Kolam: Strangers in Indian Paradise

Kolam‘ (2014) is an 11 minutes long dance piece choreographed by Chennai-based contemporary dancer Padmini Chettur commissioned by French choreographer David Rollandas part of the contemporary performance project ‘Stranger in Indian Paradise‘ conceptualized and created by David Rolland Choréographies in association with Basement 21. It shows ten dancers walking on a 400 sq. ft. carpet decorated with a gigantic kolam. The dancers move along the curved lines halted by grids for the steps. As is the baseline of Rolland’s project (a continuation of an earlier project named ‘Stranger in the Paradise’), the dancers walk with the aid of pre-recorded audio guided scores. The stark contrast of the intense calm, concentration and sense of rhythm of the inner dancer’s self strictly following the individual set of instructions (recorded by Chettur and Rolland) through earphones, the apparently crude and chaotic background score (audible to the audience only) composed by Maarten Visser and the lighting designed by Rolland – ranging from a flat white (bright against the vivid purple of the floor) to the robotic lighting towards the end leads this short artistic statement to a dramatic high. 

Music – Maarten Visser

Carpet design – Sumant Jayakrishnan

Photography and Videography – David Rolland, the Alliance Française de Delhi

Venue – Kamani Auditorium, Delhi, India (as part of DanSe DialogueS festival, India, 2014)

Watch excerpts from the performance here or directly from the Youtube page.

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Padme: The Obscure Lotus-bud

Madhushree

Padme– brain-child of Netherlands-based contemporary (trained in Bharatanatyam) dancer, choreographer Kalpana Raghuraman and India-based contemporary (formerly Bharatanatyam) dancer, choreographer, dance-journalist, dance-producer-presenter Anita Ratnam– has been one of those long-awaited long-advertised contemporary dance productions all over the social (dance) media. December 25th, 7:45 in the morning, Chandralekha’s Spaces– the clay-court of Indian dance performances, looking onto the waves of the Indian Ocean at Besant Nagar, Chennai, was just the apt venue and time for the troupe first time visiting the city– the soft sun and the morning-breeze cleansing the Margazhi frenzy of last evening, the smell of damp leaves and wet sand welcoming us to the sweaty clammy weighty brain-racking physicality that dance is.

I had arrived to Chennai just the day before, after a desperate year-long hunger for watching dance performances. And there it was– fresh and fleshy to be pounced upon– the one that I have been often reading and contemplating about in last few weeks. Padme has been different in many ways. Result of a cross-continental collaboration between Ratnam and Raghuraman, respectively the co-producer along with Korzo Productions and the choreographer of Padme, as well as seven young Classical dancers from Bangalore, keen and excited to travel the new path– Padme has been, from the beginning to the end, a professionally commercial piece promoting the youth as a package along with all its components of freedom, freshness and arrogance, which is often a good thing to some extent.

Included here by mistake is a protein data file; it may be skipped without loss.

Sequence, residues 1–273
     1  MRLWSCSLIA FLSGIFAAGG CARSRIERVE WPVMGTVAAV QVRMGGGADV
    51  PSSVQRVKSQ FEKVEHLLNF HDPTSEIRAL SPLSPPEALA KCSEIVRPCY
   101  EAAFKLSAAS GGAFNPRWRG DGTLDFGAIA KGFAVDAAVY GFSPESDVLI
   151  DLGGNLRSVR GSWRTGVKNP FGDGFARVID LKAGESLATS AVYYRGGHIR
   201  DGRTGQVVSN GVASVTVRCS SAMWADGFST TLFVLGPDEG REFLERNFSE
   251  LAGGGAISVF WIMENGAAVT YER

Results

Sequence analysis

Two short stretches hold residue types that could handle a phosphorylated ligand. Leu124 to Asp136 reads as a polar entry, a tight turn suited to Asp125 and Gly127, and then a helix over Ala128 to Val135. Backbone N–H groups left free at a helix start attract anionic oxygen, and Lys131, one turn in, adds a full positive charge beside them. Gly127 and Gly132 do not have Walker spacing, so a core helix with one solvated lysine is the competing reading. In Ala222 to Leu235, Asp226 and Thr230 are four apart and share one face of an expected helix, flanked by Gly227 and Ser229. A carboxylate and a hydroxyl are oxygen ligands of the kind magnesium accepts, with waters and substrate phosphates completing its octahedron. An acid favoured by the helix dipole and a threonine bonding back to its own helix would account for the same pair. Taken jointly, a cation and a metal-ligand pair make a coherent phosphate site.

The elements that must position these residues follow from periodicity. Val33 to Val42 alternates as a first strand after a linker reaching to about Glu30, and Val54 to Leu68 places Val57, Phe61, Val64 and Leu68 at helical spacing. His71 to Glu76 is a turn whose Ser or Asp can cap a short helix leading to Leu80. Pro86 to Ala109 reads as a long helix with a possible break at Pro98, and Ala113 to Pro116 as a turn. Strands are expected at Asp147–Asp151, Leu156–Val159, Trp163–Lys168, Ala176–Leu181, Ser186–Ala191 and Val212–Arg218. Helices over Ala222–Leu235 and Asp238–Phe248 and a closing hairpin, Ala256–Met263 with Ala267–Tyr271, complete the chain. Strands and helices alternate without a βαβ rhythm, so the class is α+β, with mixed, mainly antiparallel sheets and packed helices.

padme

The program started with a music repertoire titled as Float performed by Anil Srinivasan on the piano and Krishna Kishor on the percussion. I am a regular back-bencher when it comes to music shows, but that day it was not just my intrinsic musical shyness but also the already packed rows of chairs replacing the more frequently present striped carpets at The Spaces. As it happens with music, it was possibly working for some and not for the rest. I was one of the latter. I repeat though– I am really a philistine when it comes to music; besides I might have been too distracted trying to save myself from nature’s well-directed droppings from the overhead greenery. Yet, what put me off that day was not that particular form of art but its presentation in a manner of calculated corporate nicety, even during the Jugalbandi. Somehow it did not fit as a justified inauguration to an experimental art-piece! But then there was the Narthaki booklet in bright red and black with thousand dance anecdotes as well as the inimitable enigma of Anita Ratnam herself with all of her five feet and eight inches to keep my eyes occupied. For such a long time she has been a name to look up to for so many young Classical dancers (including myself, ages back, in a workshop in Kolkata) all over India, providing some of them with space, money and most importantly inspiration to work differently within but at the same time out of the Classical terrains, to come out of the labyrinth of the guru-shishya parampara and claim one’s Art as one’s own. But of course after the claim comes the matter of accepting the responsibility of it. That is where Padme failed.

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